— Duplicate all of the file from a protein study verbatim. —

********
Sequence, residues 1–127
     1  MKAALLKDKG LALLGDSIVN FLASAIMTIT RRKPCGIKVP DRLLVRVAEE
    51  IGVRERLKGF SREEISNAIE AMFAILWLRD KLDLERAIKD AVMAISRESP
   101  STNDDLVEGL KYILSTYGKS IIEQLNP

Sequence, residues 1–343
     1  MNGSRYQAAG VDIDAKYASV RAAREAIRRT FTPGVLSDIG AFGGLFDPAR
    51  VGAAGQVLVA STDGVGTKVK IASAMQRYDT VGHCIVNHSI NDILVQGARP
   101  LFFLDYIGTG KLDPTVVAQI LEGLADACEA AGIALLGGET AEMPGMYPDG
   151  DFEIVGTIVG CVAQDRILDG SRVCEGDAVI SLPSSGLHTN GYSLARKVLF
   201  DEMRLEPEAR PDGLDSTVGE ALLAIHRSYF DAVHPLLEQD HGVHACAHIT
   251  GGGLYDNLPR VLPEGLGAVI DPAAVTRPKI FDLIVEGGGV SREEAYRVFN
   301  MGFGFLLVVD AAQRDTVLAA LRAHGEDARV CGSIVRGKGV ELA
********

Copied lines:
Sequence, residues 1–127
     1  MKAALLKDKG LALLGDSIVN FLASAIMTIT RRKPCGIKVP DRLLVRVAEE
    51  IGVRERLKGF SREEISNAIE AMFAILWLRD KLDLERAIKD AVMAISRESP
   101  STNDDLVEGL KYILSTYGKS IIEQLNP

Sequence, residues 1–343
     1  MNGSRYQAAG VDIDAKYASV RAAREAIRRT FTPGVLSDIG AFGGLFDPAR
    51  VGAAGQVLVA STDGVGTKVK IASAMQRYDT VGHCIVNHSI NDILVQGARP
   101  LFFLDYIGTG KLDPTVVAQI LEGLADACEA AGIALLGGET AEMPGMYPDG
   151  DFEIVGTIVG CVAQDRILDG SRVCEGDAVI SLPSSGLHTN GYSLARKVLF
   201  DEMRLEPEAR PDGLDSTVGE ALLAIHRSYF DAVHPLLEQD HGVHACAHIT
   251  GGGLYDNLPR VLPEGLGAVI DPAAVTRPKI FDLIVEGGGV SREEAYRVFN
   301  MGFGFLLVVD AAQRDTVLAA LRAHGEDARV CGSIVRGKGV ELA